BURNABY (NEWS 1130) – They did everything right — that’s the word from the Canada Safety Council after two girls escaped potential predators in separate incidents in B.C. over the last week.
On Monday, a 15-year-old girl in Burnaby is said to have approached her outside Cariboo Hill Secondary School.
Mounties say he apparently tried to start a conversation with her, but when she ran away, he took a lunge toward her.
On Tuesday afternoon, an eight-year-old girl told police she had to fight off a man who tried to grab her while she was riding her bike home from school in Nanaimo.
In that case, she tells police she was approached by a man who got out of his truck and tried to show her something inside the vehicle. The RCMP says when he apparently tried to grab her, she kicked him and was able to get back on her bike to escape.
Mounties are praising the girl’s actions and reminding parents to prepare their kids for dangerous situations like these.
Investigators in Burnaby are looking for a south Asian man, around 30 years old, seen driving a silver, older model, four-door sedan which has some missing paint near the front license plate. In Nanaimo, the RCMP is looking for a white man with a dark beard and dark hair.
Neither girl was hurt.
Strangers and safety: recommendations from the CSC
In both cases, Lewis Smith with the Canada Safety Council says the girls acted correctly.
“It’s important for a parent to instill the importance of trusting your instincts to children,” the manager of national projects at the CSC tells NEWS 1130.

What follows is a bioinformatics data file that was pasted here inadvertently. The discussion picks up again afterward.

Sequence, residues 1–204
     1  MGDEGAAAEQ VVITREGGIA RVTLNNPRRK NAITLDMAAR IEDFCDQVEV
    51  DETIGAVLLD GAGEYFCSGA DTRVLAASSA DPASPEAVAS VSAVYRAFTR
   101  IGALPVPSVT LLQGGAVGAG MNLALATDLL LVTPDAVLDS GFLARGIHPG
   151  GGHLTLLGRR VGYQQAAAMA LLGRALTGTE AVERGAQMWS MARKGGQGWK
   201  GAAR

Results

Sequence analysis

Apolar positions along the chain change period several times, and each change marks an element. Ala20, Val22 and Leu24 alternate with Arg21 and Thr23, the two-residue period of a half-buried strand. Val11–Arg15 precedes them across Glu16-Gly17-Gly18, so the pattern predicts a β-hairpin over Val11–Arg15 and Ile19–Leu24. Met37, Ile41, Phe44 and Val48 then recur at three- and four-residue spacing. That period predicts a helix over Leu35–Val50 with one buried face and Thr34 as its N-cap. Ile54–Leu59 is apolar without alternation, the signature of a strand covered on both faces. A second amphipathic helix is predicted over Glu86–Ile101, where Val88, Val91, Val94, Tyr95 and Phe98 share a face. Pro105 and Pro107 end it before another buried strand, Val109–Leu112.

However, he notes teaching kids that all strangers are a threat isn’t the best approach.
“Not all strangers are inherently bad, and the ‘stranger-danger’ or ‘never talk to strangers’ model isn’t really the way to go,” Smith says, adding there are a few reasons for this.
For one, he says it can be confusing for children, especially if their parents are speaking with strangers and aren’t “modelling the same behaviour.”
Smith says there are also situations when you need to call on a stranger for help in an emergency. That, he explains, can confuse a child.
So how can a parent teach a child to rely on their instincts? Smith says the best thing to do is to practice what-if scenarios.
“It’s very helpful for a child to be able to contextualize before it happens. Talk with your child about the importance of, if you’re offered a ride with a stranger, why is that not ok? Why should that make you feel uncomfortable?”
He stresses the importance of talking about the “why” of not doing something. “Because, ultimately, we’re trying to instill our children with values and attitudes that will serve them well throughout their lives, rather than just a how-to manual on how to survive childhood.”
It’s important to teach children where they go to get help if their parents or someone they know isn’t around, he adds.